Lockhart says shadow banking could be the trigger for the next financial crisis
The former President of the Federal Reserve Bank of Atlanta, Dennis Lockhart, has warned that America’s extensive shadow banking system could trigger the next financial crisis. The network of non-bank financial institutions known as the ‘shadow banking system’ in the US has grown sharply since the financial crisis in 2008. It is now the largest shadow banking network in the world, with a value of $24 trillion in 2014, according to Reuters.
Shadow banking a bigger risk factor than Trump’s financial policies
What is shadow banking? The term ‘shadow banking’ commonly refers to financial intermediaries, such as non-bank securities companies and hedge funds, which are involved in the creation of credit but are not regulated in the same way that conventional banks are. Unlike the traditional banks which typically finance real estate development, these investment companies are often established as subsidiary businesses and act as intermediaries selling financial securities (such as hybrid real estate financing products) to raise financing.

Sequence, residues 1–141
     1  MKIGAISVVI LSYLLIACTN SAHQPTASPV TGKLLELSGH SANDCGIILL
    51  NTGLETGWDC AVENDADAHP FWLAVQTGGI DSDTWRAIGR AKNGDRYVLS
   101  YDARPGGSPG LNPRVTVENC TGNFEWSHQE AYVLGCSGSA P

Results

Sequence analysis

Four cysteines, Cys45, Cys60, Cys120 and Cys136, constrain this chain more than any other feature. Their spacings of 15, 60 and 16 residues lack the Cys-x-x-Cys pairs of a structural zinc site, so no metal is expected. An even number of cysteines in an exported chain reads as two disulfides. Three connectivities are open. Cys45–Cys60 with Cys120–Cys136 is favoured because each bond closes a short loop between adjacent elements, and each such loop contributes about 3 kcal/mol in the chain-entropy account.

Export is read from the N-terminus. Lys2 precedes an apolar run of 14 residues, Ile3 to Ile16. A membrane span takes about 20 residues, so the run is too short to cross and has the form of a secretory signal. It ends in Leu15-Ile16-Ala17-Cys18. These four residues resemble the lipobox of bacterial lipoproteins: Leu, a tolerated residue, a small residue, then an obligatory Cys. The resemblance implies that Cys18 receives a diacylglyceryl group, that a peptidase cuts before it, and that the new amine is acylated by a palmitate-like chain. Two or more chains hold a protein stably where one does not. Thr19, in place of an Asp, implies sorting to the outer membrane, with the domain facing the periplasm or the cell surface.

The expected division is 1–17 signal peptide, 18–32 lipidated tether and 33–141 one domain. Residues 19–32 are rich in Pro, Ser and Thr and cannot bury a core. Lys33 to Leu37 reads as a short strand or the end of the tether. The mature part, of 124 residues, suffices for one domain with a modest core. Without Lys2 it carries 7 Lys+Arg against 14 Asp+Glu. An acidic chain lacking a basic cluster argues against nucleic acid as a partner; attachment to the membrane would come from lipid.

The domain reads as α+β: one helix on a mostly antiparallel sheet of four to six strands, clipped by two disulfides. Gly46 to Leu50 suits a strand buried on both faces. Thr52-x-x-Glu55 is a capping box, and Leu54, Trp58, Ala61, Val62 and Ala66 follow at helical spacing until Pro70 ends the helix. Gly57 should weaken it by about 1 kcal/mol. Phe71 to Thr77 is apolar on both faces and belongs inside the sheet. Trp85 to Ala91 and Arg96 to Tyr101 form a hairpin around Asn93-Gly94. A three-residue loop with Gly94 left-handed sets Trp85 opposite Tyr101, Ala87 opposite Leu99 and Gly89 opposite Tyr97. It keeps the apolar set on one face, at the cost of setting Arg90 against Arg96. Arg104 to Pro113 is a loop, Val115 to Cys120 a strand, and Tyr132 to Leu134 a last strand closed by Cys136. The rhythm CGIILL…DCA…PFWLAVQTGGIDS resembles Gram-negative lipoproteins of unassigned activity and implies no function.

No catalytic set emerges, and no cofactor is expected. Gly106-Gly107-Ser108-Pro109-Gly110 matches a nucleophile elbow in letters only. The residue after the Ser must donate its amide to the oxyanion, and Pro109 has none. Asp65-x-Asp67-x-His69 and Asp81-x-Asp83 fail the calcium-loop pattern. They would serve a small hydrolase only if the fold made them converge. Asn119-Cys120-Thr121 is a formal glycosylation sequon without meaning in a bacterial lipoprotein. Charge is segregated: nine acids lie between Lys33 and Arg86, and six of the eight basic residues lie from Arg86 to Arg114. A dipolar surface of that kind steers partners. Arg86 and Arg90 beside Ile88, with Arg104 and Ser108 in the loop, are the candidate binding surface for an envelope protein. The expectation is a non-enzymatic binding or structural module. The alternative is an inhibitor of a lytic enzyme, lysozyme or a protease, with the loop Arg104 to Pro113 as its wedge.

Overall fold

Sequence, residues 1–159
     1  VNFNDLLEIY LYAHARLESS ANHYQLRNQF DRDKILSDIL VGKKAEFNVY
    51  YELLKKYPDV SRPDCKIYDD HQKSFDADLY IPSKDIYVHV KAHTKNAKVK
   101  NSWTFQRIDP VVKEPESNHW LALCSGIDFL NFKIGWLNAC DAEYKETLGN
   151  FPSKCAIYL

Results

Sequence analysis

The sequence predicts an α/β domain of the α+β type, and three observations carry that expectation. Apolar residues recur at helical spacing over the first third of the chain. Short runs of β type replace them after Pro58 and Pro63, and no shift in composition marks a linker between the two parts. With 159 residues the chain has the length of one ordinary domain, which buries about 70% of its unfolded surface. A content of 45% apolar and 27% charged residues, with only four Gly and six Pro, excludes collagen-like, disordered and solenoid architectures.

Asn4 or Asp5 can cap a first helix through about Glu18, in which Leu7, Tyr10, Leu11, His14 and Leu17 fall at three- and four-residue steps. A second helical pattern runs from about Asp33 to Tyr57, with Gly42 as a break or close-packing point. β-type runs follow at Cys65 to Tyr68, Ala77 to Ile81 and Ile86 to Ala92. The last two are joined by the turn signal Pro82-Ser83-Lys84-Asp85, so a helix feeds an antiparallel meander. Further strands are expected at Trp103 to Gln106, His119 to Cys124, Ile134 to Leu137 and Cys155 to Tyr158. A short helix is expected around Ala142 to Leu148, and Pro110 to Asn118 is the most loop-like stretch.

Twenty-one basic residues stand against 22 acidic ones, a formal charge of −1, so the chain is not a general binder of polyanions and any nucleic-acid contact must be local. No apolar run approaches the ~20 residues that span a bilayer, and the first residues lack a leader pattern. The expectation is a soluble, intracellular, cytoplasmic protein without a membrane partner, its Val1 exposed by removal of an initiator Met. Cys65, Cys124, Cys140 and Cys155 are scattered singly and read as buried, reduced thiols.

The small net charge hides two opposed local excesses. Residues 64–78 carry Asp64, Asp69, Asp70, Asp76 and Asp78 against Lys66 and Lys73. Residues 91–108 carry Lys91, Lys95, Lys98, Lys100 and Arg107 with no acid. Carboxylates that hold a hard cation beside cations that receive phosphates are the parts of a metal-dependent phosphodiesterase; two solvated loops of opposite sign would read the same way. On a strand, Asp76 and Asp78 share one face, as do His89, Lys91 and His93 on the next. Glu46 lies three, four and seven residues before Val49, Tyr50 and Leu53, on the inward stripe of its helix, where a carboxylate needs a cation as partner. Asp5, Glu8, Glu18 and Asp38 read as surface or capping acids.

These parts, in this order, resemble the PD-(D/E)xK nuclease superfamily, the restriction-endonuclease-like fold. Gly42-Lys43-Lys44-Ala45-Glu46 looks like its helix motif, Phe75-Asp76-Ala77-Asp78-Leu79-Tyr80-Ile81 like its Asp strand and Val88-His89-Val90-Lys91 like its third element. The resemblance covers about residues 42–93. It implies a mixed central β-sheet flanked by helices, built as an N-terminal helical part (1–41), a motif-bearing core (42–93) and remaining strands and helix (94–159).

They make a profit on the margin between their loan income and the dividends they pay out to investors. While there is nothing illegal about this, the problem is that they are only lightly regulated despite being vulnerable to the same set of risks as ordinary banks.
It is no exaggeration to say that in the United States, which has grown to account for about half of the world’s shadow banking market, this is potentially a ticking time bomb. According to CNBC, Dennis Lockhart’s view is that, “In the aggregate it [the shadow banking system] adds up to a fair amount. Perhaps those entities will grow to be large enough and something could happen in that sector.”
“The pendulum of regulation tends to swing, and understandably after the crisis it swung very far in one direction. There’s been tremendous progress in terms of the resilience of the financial services industry across the U.S. and the rest of the world, and it think it’s perfectly appropriate that the pendulum swings back – it’s just a question of how far back it swings,” he said.
Compared to the risks that shadow banking poses, the risks of President Trump’s financial policies to the banks look relatively tame.